Exam 2- FCD 3355
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. What would you like to do?
a deep and vital emotion that satisfies certain needs, combined with a caring for and acceptance of the beloved and resulting in an intimate relationship.
- (Being needs)
- Arise in the present rather than deficits from the past.
- (Deficiency needs)
- count on others to make us feel worthwhile.
Caring and acceptance-
accept partners for themselves, not for ability to change and meet another's requirements.
Do men and women care differently?
- Both men and women want psychological and physical intimacy.
- Men are equally loving but women are primarily responsible for the success of love.
- Love is expressed verbally and women are more verbal.
Triarchic Theory of Love-
Intimacy- close connected bond with another person; intimate communication and sharing of oneself.
Passion- drives that lead to romance, physical attraction, sexual consummation.
Commitment- decision to love someone and commitment to maintain that love.
Types of Love:
Consummate love- has all three components of Theory of Love
Companionate love- intimacy and commitment
Infatuation- passion is high, low on other components
6 Love Styles:
intense emotional attachment; powerful sexual feelings
affectionate, companionate with mutual commitment, respect, friendship and common goals
rational assessment of partners assets and liabilities; relationship as economic and emotional security
unselfish concern for others needs even when it requires personal sacrifice (altruistic)
love as play or fun; playful flirtation and sexuality
- strong attraction and emotional intensity.
- Includes jealousy, moodiness (euphoria and depression)
- maintains relationships by consistently ignoring one's own legitimate needs.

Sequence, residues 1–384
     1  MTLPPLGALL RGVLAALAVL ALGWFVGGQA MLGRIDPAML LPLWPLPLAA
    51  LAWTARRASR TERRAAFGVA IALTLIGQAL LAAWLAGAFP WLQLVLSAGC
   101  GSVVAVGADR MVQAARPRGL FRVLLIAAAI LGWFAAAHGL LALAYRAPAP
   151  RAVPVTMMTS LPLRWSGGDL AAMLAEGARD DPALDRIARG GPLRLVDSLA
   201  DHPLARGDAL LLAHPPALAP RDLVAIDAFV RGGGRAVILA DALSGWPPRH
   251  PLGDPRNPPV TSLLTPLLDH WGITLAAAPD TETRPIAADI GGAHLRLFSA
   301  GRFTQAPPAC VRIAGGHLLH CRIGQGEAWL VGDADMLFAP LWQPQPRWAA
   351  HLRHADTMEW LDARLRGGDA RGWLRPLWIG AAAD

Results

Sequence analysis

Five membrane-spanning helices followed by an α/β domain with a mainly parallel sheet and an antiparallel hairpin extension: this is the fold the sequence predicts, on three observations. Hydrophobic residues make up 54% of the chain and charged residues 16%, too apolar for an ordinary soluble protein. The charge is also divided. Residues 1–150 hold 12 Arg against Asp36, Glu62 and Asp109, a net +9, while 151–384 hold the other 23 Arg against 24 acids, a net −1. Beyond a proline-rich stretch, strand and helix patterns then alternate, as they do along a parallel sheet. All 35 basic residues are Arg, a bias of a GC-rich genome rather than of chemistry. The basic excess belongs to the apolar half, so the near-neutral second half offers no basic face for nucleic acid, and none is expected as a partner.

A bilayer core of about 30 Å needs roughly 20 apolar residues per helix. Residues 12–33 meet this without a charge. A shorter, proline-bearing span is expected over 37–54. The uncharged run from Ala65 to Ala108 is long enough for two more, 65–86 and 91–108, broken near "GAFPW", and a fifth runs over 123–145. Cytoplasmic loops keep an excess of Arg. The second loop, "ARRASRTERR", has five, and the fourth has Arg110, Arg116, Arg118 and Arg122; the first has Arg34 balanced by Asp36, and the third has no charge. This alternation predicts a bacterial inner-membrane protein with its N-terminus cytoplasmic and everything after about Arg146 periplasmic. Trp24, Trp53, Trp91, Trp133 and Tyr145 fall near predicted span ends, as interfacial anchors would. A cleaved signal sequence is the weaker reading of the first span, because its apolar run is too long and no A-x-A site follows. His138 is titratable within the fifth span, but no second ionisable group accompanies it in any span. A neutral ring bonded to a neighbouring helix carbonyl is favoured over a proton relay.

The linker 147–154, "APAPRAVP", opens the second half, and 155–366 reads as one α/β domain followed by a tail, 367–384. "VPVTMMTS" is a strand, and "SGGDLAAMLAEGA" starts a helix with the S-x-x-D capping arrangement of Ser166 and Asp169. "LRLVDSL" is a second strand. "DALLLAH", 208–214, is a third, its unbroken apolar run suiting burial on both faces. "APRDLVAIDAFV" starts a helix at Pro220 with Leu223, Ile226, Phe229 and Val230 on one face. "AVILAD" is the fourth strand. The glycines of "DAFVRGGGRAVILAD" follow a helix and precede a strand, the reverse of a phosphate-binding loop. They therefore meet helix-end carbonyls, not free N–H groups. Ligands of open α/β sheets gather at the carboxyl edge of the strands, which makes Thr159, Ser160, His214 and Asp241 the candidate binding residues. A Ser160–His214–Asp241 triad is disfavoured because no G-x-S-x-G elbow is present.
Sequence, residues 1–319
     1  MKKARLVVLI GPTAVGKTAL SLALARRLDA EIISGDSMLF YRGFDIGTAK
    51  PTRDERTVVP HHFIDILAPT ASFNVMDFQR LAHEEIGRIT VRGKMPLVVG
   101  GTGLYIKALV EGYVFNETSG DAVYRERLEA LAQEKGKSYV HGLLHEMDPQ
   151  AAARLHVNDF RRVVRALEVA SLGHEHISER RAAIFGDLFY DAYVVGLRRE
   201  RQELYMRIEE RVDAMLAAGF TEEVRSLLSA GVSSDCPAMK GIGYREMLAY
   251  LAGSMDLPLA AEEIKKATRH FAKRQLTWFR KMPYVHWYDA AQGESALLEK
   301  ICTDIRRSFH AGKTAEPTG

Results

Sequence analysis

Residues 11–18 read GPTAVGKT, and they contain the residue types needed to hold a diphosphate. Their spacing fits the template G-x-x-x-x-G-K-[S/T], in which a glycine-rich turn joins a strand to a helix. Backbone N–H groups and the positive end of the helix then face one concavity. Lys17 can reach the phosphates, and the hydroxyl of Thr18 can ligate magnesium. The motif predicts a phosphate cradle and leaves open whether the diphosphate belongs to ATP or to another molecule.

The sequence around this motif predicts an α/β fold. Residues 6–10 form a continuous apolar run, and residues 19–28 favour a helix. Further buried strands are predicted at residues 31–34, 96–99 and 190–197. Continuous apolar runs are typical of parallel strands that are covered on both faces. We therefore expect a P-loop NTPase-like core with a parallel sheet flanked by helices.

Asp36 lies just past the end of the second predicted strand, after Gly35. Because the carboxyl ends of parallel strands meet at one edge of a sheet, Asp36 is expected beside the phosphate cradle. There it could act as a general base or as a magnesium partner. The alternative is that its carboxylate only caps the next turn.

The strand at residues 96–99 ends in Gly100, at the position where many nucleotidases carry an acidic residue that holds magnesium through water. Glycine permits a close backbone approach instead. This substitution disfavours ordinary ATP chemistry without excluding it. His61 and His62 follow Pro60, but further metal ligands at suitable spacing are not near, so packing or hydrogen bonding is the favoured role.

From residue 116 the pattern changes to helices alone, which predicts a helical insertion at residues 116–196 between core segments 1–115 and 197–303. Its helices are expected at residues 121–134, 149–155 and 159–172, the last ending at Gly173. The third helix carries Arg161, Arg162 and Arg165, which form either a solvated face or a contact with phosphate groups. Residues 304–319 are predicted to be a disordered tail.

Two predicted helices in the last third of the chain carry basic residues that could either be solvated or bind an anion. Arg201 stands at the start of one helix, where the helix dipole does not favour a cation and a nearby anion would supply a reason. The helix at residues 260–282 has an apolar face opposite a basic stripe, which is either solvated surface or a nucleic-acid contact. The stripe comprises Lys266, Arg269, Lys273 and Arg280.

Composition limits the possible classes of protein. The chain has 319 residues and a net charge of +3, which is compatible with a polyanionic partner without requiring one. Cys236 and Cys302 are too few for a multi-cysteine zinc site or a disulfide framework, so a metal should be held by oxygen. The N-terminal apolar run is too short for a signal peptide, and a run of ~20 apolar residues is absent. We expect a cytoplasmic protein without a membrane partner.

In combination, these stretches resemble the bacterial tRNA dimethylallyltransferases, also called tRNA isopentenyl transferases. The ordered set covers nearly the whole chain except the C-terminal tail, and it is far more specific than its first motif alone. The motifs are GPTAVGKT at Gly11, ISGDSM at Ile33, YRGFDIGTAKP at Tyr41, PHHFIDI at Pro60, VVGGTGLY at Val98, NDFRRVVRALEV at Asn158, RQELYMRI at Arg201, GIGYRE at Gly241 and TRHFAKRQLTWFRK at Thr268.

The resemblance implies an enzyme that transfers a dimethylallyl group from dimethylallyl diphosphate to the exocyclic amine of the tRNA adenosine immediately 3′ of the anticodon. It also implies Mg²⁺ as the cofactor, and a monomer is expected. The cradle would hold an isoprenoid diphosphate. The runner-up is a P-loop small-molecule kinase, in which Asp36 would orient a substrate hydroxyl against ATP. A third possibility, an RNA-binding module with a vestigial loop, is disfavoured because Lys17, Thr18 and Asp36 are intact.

- Can become angry victim
seek to control feelings, attitudes and behaviors of partner in underhand ways.
Martyrs and Manipulators in relationships:
- Often attract one another and form "symbiotic relationship"
- Expect each other to provide a sense of meaning or purpose
Misconceptions about Love (Pat Love)
- Love equals infatuation
- If it isn't perfect it wasn't mean to be
- You can't rekindle passion
- One true soul mate; meet the right person and live happily ever after
- Love conquers all; if the going gets tough it means you have the wrong person
- Love is static; fall in love and stay on a high forever
- Love is a feeling; either you have it or you don't
Attachment Theory, Mate Selection, and Marital Stability
- Children whose needs are met, form a secure attachment which leads to trust in relationships.
- Avoid attachment style- often leads to evading emotional closeness.
- Resistance (ambivalent) attachment style- fear of abandonment; disappointment in relationships.
- If both spouses are anxious and insecure, marriage will reflect those qualities.
- If one spouse is secure, other anxious person may become more secure.
Intergenerational Transmission of Divorce
- Parental divorce increases risk of martial instability and divorce in offspring. Why?
- More and more serious personality problems
- Lack of exposure to supportive community on problem solving skills
- Less commitment in relationships
- More accepting attitude towards divorce
Mate selection risk
Youth from divorced families more likely to select high risk partners, who are also from divorced families
attractiveness, intelligence, earning potential, personality, family status, emotionally supportive
"wrong" social class, religion or race/ethnic group, irritable or demanding
Women- ability to bear and raise children, domestic duties, sexual accessibility, physical attractiveness
Men- protection, status and economic support
group on individuals who, by virtue of their background or birth, are considered more likely compatible